Hermeneutics - Lesson 13

Word Meanings and Word Studies

In this lesson on Hermeneutics, you will gain an understanding of the importance of word meanings and word studies in biblical interpretation. Dr. Todd Miles emphasizes that words have multiple meanings within their semantic range and that their context determines their correct interpretation. He cautions against common mistakes, such as assuming that a word's dictionary definition universally applies or projecting modern meanings onto ancient texts. Dr. Miles also highlights the significance of studying words in their original language and using etymology to decipher their original meanings. Throughout the lesson, you'll learn to approach word studies with care, relying on context, and avoiding pitfalls like the root fallacy and reverse etymology. This knowledge will enable you to interpret biblical texts more accurately and effectively.

Todd Miles
Lesson 13
Watching Now
Word Meanings and Word Studies

I. Words Have Meanings

II. Translation Fallacies

A. Root Fallacy

B. Etymology

C. Translation fallacies

D. Authors using a word differently

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  • In this lesson, Dr. Todd Miles discusses various types of psalms found in the Psalter and delves into their unique characteristics and theological significance. He begins by providing a list of different kinds of psalms, emphasizing that this list is not exhaustive but illustrative, highlighting the diversity of poetry within the Psalms.
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  • In this lesson, Dr. Todd Miles discusses the interpretation of parables. Parables are a specific literary genre with their own rules of interpretation. Parables are designed to teach a single point, although there might be exceptions. Historical context remains essential in understanding parables, as they are shaped by the situations of the day. 
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  • In this lesson, you'll grasp the Holy Spirit's vital role in biblical interpretation, going beyond changing hearts to enabling comprehension and acceptance of the text. Dr. Todd Miles stresses the Spirit's role in illuminating the Bible, making it relevant to believers, challenging the idea that unbelievers interpret it as effectively, and emphasizing the importance of understanding the text's intent. The ultimate aim is not mastery but being mastered by the text, with the Holy Spirit as a key player.
Hermeneutics is the science and art of the interpretation of the Bible. It's a science because it is an orderly process based on rules you can apply. It is an art because of the nuances in communication and translation.



Dr. Todd Miles


Word Meanings and Word Studies

Lesson Transcript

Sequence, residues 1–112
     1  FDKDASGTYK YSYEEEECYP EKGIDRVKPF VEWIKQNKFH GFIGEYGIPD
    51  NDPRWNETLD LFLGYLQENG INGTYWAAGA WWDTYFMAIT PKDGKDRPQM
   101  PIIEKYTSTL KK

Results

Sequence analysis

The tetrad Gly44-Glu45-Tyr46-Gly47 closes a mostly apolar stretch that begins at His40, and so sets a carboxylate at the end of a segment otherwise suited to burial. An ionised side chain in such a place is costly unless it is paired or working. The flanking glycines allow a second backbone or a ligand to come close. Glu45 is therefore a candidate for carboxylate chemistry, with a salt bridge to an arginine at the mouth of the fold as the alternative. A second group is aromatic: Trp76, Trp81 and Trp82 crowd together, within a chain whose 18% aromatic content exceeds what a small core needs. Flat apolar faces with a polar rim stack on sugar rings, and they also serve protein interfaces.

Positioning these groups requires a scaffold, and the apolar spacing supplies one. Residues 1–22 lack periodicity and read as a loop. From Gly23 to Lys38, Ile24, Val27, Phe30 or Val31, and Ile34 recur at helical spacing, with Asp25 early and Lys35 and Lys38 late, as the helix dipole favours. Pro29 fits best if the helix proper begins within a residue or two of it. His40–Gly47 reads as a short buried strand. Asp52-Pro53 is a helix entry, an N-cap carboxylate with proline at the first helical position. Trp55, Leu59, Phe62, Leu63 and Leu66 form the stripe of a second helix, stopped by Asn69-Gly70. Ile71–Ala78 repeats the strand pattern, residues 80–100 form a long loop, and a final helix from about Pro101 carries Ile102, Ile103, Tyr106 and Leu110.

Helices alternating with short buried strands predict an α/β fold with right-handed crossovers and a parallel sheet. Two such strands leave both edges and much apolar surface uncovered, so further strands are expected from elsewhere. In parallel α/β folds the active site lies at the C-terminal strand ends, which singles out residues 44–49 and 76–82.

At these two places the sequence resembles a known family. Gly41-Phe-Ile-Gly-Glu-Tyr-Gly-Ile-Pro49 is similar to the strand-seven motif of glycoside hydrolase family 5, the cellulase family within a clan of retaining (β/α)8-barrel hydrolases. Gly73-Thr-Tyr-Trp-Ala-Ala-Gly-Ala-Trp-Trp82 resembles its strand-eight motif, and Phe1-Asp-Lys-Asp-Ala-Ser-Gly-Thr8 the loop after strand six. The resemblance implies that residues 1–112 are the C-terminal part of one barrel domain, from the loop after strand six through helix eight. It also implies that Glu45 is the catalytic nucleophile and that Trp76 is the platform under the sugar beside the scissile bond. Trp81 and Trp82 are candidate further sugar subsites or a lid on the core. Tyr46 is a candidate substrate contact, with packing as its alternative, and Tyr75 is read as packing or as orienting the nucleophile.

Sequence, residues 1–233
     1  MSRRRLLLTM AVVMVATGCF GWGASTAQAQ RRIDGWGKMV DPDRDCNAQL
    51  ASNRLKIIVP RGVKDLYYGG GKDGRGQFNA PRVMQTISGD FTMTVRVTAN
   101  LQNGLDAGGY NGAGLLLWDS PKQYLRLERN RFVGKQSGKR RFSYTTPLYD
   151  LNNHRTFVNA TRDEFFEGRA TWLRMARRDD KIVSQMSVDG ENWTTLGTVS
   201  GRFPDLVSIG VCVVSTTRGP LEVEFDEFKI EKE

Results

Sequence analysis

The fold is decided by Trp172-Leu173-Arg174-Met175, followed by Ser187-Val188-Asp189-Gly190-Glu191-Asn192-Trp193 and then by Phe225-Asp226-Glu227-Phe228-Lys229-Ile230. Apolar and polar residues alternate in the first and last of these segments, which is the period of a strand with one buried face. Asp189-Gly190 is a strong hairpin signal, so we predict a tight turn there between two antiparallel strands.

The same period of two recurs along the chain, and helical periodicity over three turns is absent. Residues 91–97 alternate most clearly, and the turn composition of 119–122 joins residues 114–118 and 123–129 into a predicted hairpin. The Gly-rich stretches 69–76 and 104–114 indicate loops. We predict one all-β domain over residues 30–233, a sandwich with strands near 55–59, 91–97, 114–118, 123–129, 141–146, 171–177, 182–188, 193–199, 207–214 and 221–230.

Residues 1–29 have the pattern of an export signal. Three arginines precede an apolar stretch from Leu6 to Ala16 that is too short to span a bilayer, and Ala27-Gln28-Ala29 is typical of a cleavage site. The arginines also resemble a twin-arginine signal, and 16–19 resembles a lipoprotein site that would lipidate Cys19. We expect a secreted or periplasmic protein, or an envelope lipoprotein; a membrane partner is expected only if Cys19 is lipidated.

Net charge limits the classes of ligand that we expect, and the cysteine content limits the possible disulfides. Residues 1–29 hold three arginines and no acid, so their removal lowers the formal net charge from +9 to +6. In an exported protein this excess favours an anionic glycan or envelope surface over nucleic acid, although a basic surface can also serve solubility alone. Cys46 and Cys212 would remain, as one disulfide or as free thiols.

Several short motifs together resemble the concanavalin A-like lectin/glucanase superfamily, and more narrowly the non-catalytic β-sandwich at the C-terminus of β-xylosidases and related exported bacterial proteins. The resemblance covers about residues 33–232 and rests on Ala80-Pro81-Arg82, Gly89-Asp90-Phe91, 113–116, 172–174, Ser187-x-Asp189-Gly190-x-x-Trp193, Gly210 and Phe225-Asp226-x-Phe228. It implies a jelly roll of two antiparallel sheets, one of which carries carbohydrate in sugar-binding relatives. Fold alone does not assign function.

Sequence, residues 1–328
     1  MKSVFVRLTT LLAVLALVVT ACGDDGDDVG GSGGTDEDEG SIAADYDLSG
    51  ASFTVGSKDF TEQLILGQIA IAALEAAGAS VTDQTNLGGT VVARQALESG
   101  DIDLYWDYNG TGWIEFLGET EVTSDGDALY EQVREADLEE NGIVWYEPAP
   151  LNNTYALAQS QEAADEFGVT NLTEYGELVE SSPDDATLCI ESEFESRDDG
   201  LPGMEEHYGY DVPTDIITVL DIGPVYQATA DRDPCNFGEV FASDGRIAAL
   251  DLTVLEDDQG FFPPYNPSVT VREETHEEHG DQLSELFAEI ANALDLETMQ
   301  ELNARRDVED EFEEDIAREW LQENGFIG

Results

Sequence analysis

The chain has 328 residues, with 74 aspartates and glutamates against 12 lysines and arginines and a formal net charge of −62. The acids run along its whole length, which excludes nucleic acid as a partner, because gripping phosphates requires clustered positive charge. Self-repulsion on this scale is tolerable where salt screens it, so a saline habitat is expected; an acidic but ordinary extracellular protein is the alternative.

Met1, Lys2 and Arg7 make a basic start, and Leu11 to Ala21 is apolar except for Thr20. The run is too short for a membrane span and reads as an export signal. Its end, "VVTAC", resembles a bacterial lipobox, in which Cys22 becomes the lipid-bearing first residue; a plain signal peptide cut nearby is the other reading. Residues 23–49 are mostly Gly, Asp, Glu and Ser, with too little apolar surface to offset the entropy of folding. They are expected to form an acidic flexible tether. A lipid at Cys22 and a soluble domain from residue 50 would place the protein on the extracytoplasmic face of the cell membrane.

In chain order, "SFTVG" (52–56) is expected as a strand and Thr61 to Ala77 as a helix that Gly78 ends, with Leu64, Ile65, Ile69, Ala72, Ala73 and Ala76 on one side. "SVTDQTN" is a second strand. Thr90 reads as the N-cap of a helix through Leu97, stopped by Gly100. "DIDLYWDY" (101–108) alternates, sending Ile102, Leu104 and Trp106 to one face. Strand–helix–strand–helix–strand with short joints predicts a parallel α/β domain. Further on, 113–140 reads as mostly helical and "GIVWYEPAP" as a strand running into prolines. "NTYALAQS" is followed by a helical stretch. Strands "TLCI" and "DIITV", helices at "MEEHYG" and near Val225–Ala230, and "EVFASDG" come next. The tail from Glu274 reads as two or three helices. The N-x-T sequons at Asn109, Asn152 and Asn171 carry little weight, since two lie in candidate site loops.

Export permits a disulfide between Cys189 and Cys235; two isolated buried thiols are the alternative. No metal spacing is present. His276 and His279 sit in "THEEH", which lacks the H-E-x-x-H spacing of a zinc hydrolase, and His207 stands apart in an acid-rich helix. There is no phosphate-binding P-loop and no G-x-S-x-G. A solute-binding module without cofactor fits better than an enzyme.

The next section here, we're going to drill down to the smallest. Particle of meaning, and that would be the word. I do believe that the sentence is the smallest unit of meeting, but the building blocks of the sentence, of course, are words. And it's. How do we use words? How do we use words? Studies? How do we determine the meaning of a word? Well, in Axiom 12, the most important thing I want you to realize about words is that words have meanings, plural, not meaning. But they have meaning in context. Now, this range of meanings that a word can have is called the semantic range. And the sentence will give the context. And that allows us to interpret the words We any time we hear a word in a specific context, we sort through the possible meanings and apply if we're thinking rightly, the correct meaning depending on what the context is. So, for example, think think of the word trunk. What what could I be referring to when I say trunk? Well, there's there's a semantic range here and there. It could be a tree trunk. It could be a bodily trunk. It could be a trunk in the attic that you put all clothes in. It could be the trunk of a car. There's there's a it could be the nose of an elephant. There's a variety of things that that could be. Think of the word green. Green has an enormous semantic range. A green is just a color. Green can refer to money. Green can refer to marijuana. Green can refer to that being, I think I said environmentally friendly. A putting surface green can refer to being like a newbie or an inexperienced in something green can mean that you're sick. Green can mean that you're jealous. There's a host of different meanings for these. Now imagine, imagine if if someone were if you were talking to someone and you said and you said to them, Yeah, I hit the ball up on the green and and then was able to to putt from there. And they took your meaning to think you you hit the ball up on to a bunch of marijuana. What do you do with all that marijuana or, you know, something like that. And you go, No, no, no, that's not what I meant. And they said, Well, it could mean that could mean that. And that's what I chose to make it mean. And you would you would talk to this person, you would think. I am not sure. I want to keep talking to you because you're doing absurd things with my speech. What I meant is what I meant. The sentence meant. What I meant it to mean. Not whatever you want to make of it. Just because you know you have a dictionary, you can look up different meanings for the words. Because words have meaning in context. Now, I just described things, though, that takes place all too often in Bible studies where a person will come to the text. And I've sat in these studies where people have done this, and at first I was kind of jealous where they would say something like, you know, I read this verse and then I looked at this verse up and I and I discovered there's a bunch of different possible meanings to that word. And then when I applied the different meanings to that word into this sentence, it's just like God was just blowing things up for me. It was just awesome. And my first thought there, I must confess, was like, Man, they did like real research that I didn't do that. I just read the verse. And then but then, like on second thought, it's like. I think you did something with the Bible that you would never do with anybody else. That's ridiculous, what you just did. Words have meanings, not meaning. But a word will have meaning. Singular in context. Now, the exception to this would be where an individual uses a word intentionally. With two different meanings that can be called like double entendre, I suppose, but more commonly that would be a pun. A pun. Now, how many how many of you like puns? So I get a variety of responses there. Yeah, I find people who think they're clever with pens to be very annoying. But even the people, even the people who speak in puns a lot very rarely do it right. It's clever on the occasion that they do. That just shows that normally 99% of the time, even with the annoying people who really like to use puns, 99% of the time they have one meaning in context for the words that they're using, and it's probably more like 99.99% of of the time. Okay. So the problem with finding the meaning of words, though, is that we're not as interested in what a word means in our translation. We want to know what the word meant as it was used in the original language. And so if the seems to me that if the Bible is what we profess it to be, we should make every effort to read it in the original language or use tools wisely to help us with these studies. Now etymology is the study of the original meaning of a word, and it is an important tool in deciphering unknown words and correcting wrong ideas. Something that I'll say now and I'll say it at the end, is that the word study? The word study is probably the most valuable Bible study tool that you have at your disposal. And oftentimes you can do a decent word study with the concordance that you have in the back of your Bible. The concordance that you have is probably the most valuable Bible study tool that you have at your disposal. So. You'll have to pick a Bible based on how heavy do I want it to be versus how how big a concordance do I want to have in it? So let's let's think about how etymology at times can help with this. The here's a few words in First Timothy chapter three, verse one. Paul is talking about qualifications for Elder and in some translations might say bishop or or overseer. And the Greek word there is episkopos. And episkopos is a compound word where there's a preposition which means upon or over and in scope as is is sight or seeing. So you put those two things together and you get overseer. And that's that's kind of helpful. Kind of helpful. It's not entirely helpful because when Paul uses the term overseer or episkopos, he has something very technical in mind, which is more than just someone who looks over. But but sometimes not always, but sometimes we can take the parts of a compound word, put them together, and it gives some insight into what the word means. I'll give you some exceptions to that here in a moment. Apostle is the Greek word apostolos, and it's basically to send out. So an apostle is a sent out one. Stelo to send apo from. So a sent out one and that's, that's what an apostle was and a sent out one. But of course again when apostle is used in the Bible, it's more than just someone, usually more than just someone who is sent out. There's a technical meaning with it, especially when Paul is talking about his apostolic authority. Now there's there's exceptions to that. We ought not to think that in every instance the meaning of a word is the sum of its parts. In English. We have compound words and sometimes the meaning is bound up in the sum of its parts. So a rubber band would be a band made from rubber. That's. That's helpful. But a pineapple is not an apple that's made from wood. Doesn't really work that way. Or a butterfly is not an insect made of dairy products. And so a Greek is no exception to that sometimes. Sometimes the meaning of the word. Yeah. It's helpful to look at the sum of the parts. Other times, not so much. Not so much. We should be careful to look at two words. Origin. How was it used and what did it mean when it was actually used? And we want to keep in mind and you're well aware of this in English, that words change in meaning over time. And one example of this that I'll give later is is the word martinus or witness. And I'll walk you through the development of of what martus has meant in Greek and then how we use it in English. That's where we get our word martyr. But it's usually translated witness in in our New Testaments. Words have multiple meanings. As I've said, there's a semantic range to them. The 500 most commonly used English words, for example, have an average of 23 meanings. So the 500 most common English words have a semantic range of 23 possible meanings. That should give us pause when we are careless, I suppose with with word meaning. There are books and tools at your disposal for synonyms and in the biblical languages there there are plenty of synonyms that the English word receive. Vines, which is a a lexicon of sorts for for laypeople, gives 19 verbs in Greek that translate the English to receive. Now, I'm going to give you a caution about Vines here in a moment, but at any rate, that it's a helpful illustration there. For example, there's the word lambino, which means to take without feeling. But but para lambano is used in Romans 14 one. It's an idea of embracing, perhaps without doubting the harmony in first Corinthians 214. It's also translated receive, and that means to take something eagerly. So there's there's lots of Greek words that can translate into this one English word. We need to be cognizant of that when we're doing word studies, because if we just go to the back of our Bible, the concordance, and we look up all the instances of an English word, we might not be looking up all the instances of that particular Greek word that was used by the biblical author. So we need to be careful with that. Another example here, the word no in English, there's there's a couple of different Greek words that translate into the English word. No order, for example, is usually used to reflect according to innate knowledge. It's more more cognitive, versus ginosko is is more experiential, more experiential. And now those are two different Greek words, but we usually translate it just with one English word to know. And another place where this comes into comes into application is is is the English word life translates a number of Greek words. And sometimes we see multiple Greek words for the translated life in the same passage. John Chapter ten versus ten and 11, for example, the thief comes only to steal and kill and destroy. I claim that they may have life and have it abundantly. I am the Good Shepherd. The Good Shepherd lays down his life for the sheep. Well, what's what's going on there? In there's there's a number of Greek words that translate into the one English word life, like zoe, for example. This is oftentimes depending on the context, but oftentimes life in God, it's it's qualitative, it's intensive. This would be, you know, like to have eternal life. But psukos or soul is oftentimes translated as life as well. And this is the word that we find in John 1011. So the thief comes only to steal and kill and destroy. I claim that they may have life that is zoe this this qualitative life. But again, it's just translated life in our English translation. Have it abundantly. I am the Good Shepherd. The Good Shepherd lays down his quality of life in God. No, He lays down his soul, but we translate it life. The same English words, two very different meanings. But there's two different Greek words there that so it can get a bit confusing at time. That's why word studies can be helpful. And another word, another biblical word that's translated life is is because we find that say in First John, chapter three, verse 17, all three of those Greek words are commonly translated by one English word life. So if you're doing a word study and you just go to the back of your Bible, look up the word life in your concordance, you might not be getting a study of one Greek word. You might be getting a study of a variety of Greek words with different meanings. And you're thinking you're just doing a word study on one word. So be careful. Be careful that here are some principles. And so I've already said I'll say it one more time. The word study is probably the most powerful Bible study tool that you have, but with great power comes great responsibility. You can make all sorts of mistakes. There's a great book by D.A. Carson called Exegetical Fallacies. I would highly recommend that. I'm going to walk you through a few of the fallacies that I learned from him as he wrote about them, not as he actually did them in his in his study. One of those is Beware of the root fallacy. Beware of the root fallacy. This is the assumption, again, that the true meaning of a word is bound up with its roots or maybe even the sum of its parts. I already explained to you that in English our compound words, sometimes the meaning is the sum of the parts. Other times it's not. Other languages are not any different in that regard. So that language communicates thoughts and ideas, not just words. And certainly anything that we can say in one language, we can say in another, but we can't always say it in the same way or in the same number of words. I mentioned vines earlier and I have it with with all due respect, I think when people say I know just enough Greek to be dangerous, what they really mean is I have a vines and I'm not afraid to use it because unless you know Greek, I'm not sure that you should be using a vines because you can make all sorts of mistakes, including many of the different fallacies that we're going to talk about here. Here is an example of that. The the Greek word for love. What's the Greek word for love that pretty much every Christian knows. It's a gap. A gap. And what does a gap mean? What do we know that a gap means something like unconditional love or godly love, self-sacrificing love, something like that. Right. Well, what happens when we get to the second Timothy chapter four verse ten, where we read for Demas in love with this present world has deserted me and gone to Thessalonica. If we just take a technical meaning, disregard context and plug that meaning into the sentence, we would think. For Demas, who has a godly, self-sacrificing, unconditional love for the world, has deserted me and gone to Flint. And we might think that Demas had done something really good, but I don't think that's what Paul means here. I think it means that Demas loves the world and so chose chose the world and its ungodly system over and against ministry with Paul. And Paul was heartbroken over that. But the word that's used there, agape. Even worse, the Greek translation of the Old Testament. Second. Second. Samuel 13. That's creepy story of Amnon and Tamar where Amnon incestuous rapes Tamar. The Septuagint uses both phileo and agapao to translate the words for love. The Septuagint translators use the word agape, the verb form agapao to describe the love that Amnon had for Tamar. Would anyone suggest that Amnon's love for Tamar was godly, unconditional, self-sacrificing? Be very careful about assigning a technical meaning and having that override the context. The best indicator of what words mean is the context, not a dictionary definition. Dictionary definitions will help you in terms of range of possible meanings, but be very careful. And again, it would be ridiculous to to read this passage for Demas in love with the present world or read about Amnon loving Tamar and then look up the word in the dictionary and say, Wow, this word means unconditional love or godly love, and just plug that in without any regard to the context. The context moves us towards the best meaning of the word. Another another caution. Etymology can give insight when the word is rare and not often used. Sometimes the etymology will line up with the meaning and it can provide help. But. But not always. Not always. You cannot assume that the meaning of the word is just tied up in its roots or the sum of its parts. Again, what's the best indicator of what a word means? Context. Context. Remember, three most important things in context. Look are the three most important things in biblical interpretation. Context. Context. Context. Question. What's etymology? Etymology is is is the study of the origin of a word, and it's its original meaning. And then oftentimes looking at the sum of the parts and how they contribute to the meaning. Yeah. Good. Avoid this. I got this from David Carson to avoid reverse etymology. And this is so true. And Christians do this all the time. This is where we take a word that has changed over the years in English. And we read that meaning back into the Greek. And here's what it looks like. Again, you have a Vines. You're not afraid to use it. You're reading Romans chapter one, verse 16. I am not ashamed of the gospel because it is a power of God. And you look up power and you discover that it is the Greek word. Do not miss, which when we transliterated into English, we we changed the upsilon or the u sound into a y and it's d y in a m i s and that looks like the word dynamite. Dynamite. And that's where we get our dynamite from that Greek word. And so, wow, I look this word up in the Greek, and it's dunamis, the dynamite of God. It blows things up. Of course, that's not what Romans 1:16 is saying at all. The gospel doesn't blow things up. The gospel is the power of God to reconcile people to God or Second Corinthians 9:47. God loves a cheerful giver. Oh, I looked up the word cheerful, and it's the Greek word hilasmos. That's where we get our English word hilarious. God wants me laughing all the way to the offering box. Probably not. Probably not. God does not want God does not want a hilarious giver. God wants a cheerful intentional giver. So avoid reverse etymology. Don't. Don't look a word up in Greek. See how we use it in English and assume that's what it meant in Greek. Your Bible translators do a better job of taking you from Greek to English than going from. Then we might, by going from Greek to to an and an English word that has that Greek root. Trust your Bible translators that point. They usually do pretty good work. By usually I mean they always do really good work. Be aware of how words change their meaning with time. I mentioned this earlier. I said I would give you the example of martus. Martus is a word that commonly means a witness. But but in in the Greco-Roman world, this Greek word changed in meaning over time as it was used for. At first it meant one who gives witness and evidence in a court. So amateurs would give thought would give testimony in a legal proceeding of sorts. Then it meant one who gave just a solemn affirmation. But it didn't have to be in court. It just you're making a vow. You're you're you're solemnly affirming something. Well, then by the time you get to the second century, it became a word that meant one who witnesses even under threat of death. And so there's going to be some Christian context, is there, as you're as you're witnessing to Jesus, under threat of death. Then by the time we get into the third and fourth centuries more, the patristic usage of it, you'll find that a martyr who's in Greek was someone who witnessed or testified, even under acceptance of death. Oftentimes their death was their witness. Then later on it meant someone who died for a belief, regardless of belief. So it did. I mean, they might have been wrong, but they were still a martinus a witness in you. And eventually, especially in the English, as we use the word martyr, it's just someone who feels sorry for himself. What? What did the word mean at the time that the Bible was written, though? More of that. Someone who gives solemn affirmation of something outside of of court. When Jesus in Acts one eight said, You will be my witnesses. The word he used as martyrs. Yes. That's where we get our English word martyr. But he's not saying, you will be my martyrs. He's saying you will be my witnesses. There's a reason why the biblical translators in English use the word witness and not martyr. Because it didn't mean necessarily martyr. You might end up certainly dying for your testimony. But what Jesus was interested in was not primarily what happened to you after your testimony. He was interested in your testimony. Now, of course, Jesus cares about what happens after your testimony, too. But in that command, go to Jerusalem. You about you will be my witnesses when the Holy Spirit comes. He is talking about their testimony. So we need to understand what a word meant meant at that time. And there are lots of Bible study tools that that are helpful there for that. Avoid verbal parallelomania. This is another one I got from Carson. It's a kind of mania that seeks parallels to every single thing. If I can find a parallel, that means what I want and you can basically do anything with it. This would be like poor use of cross references where you find a verse in one passage and then you look up in your concordance where that same word is used somewhere else. And then you, you, you take the meaning of that other verse and you plug it into this present verse that you're using that again, let the Bible speak. Let the biblical authors mean what they say. And the best clue to what a word means in a sentence is the context of the sentence itself. Be careful with cross-references. They're very, very useful. But again, with great power comes great responsibility. Use them wisely and use them intuitively. I don't do with the Bible something that you would never do with your friend. Sometimes the appeals to parallels can be useful, though they provide a broader picture of how a word was was often used. Did it it a going to a parallel passage or a a another verse for that same word is used. It can be insightful at at times. Be careful about linking language with mentality. I oftentimes I hear things like the Hebrew mind was just incapable of distinguishing between first and second causes. Or or between primary and secondary causes. So, for example, who who was responsible for the for the suffering that that job underwent? Was it. Was it God? Or was it Satan? And I've heard people say, well, the Hebrew mind was just incapable of distinguishing between primary and secondary causes. Like, well, that's kind of culturally snobbish. I think they weren't morons. I think they could distinguish between those things. Now, it's true that some languages have words for concepts that other languages do not. That's certainly the case. Language does shape the way we think for sure. But. But be careful about making assumptions there and then recognize that different authors will use words differently. And here's where finding, you know, using your concordance might get you into trouble. The word righteousness, for example, the Greek word dikaiosune. For Paul, oftentimes that Greek word meant justification. You have to look at the context because Paul doesn't always use it that way in Matthew. Most of the time when he uses it, it doesn't necessarily mean justification. It probably means something like righteousness. And so just be recognize that different authors might use words differently. The same words learn to recognize the diversity of metaphors as well. Is, is there a difference between a literal meaning and a metaphorical meaning? Yes, of course there is. And we will discuss how to interpret figures of speech more later. But Jesus was fond of using metaphors. He did often. He said, I am the door. I think that would be ridiculous to take that literally. Jesus is said to be the Lion of Judah. Satan is also described as a lion, a prowling lion. Well, I suspect when Jesus is the Lion of Judah, that's a little bit different than Satan being a prowling lion. And so we need to recognize that even this, even the same words used metaphorically can have very different meanings. So again, be very careful about assigning a technical meaning to any one word and just plugging that in to your study. I've given you a lot of warnings about about how to use word studies. The reason I'm giving you warnings is, again, I'll repeat it. The word study is a very valuable, very valuable Bible study tool. But with great power comes great responsibility, just as it can be a powerful tool, it can be used in very negative ways. And so be very careful about that. So, so do our studies. Use your use your concordance use cross-references. Look at how different biblical authors use the same words. Oftentimes there's insight, but but use them sensibly. And and I don't have technical guidance to give you other than just Jesus. Jesus's golden rule don't do to the biblical authors what you would not want done to yourself.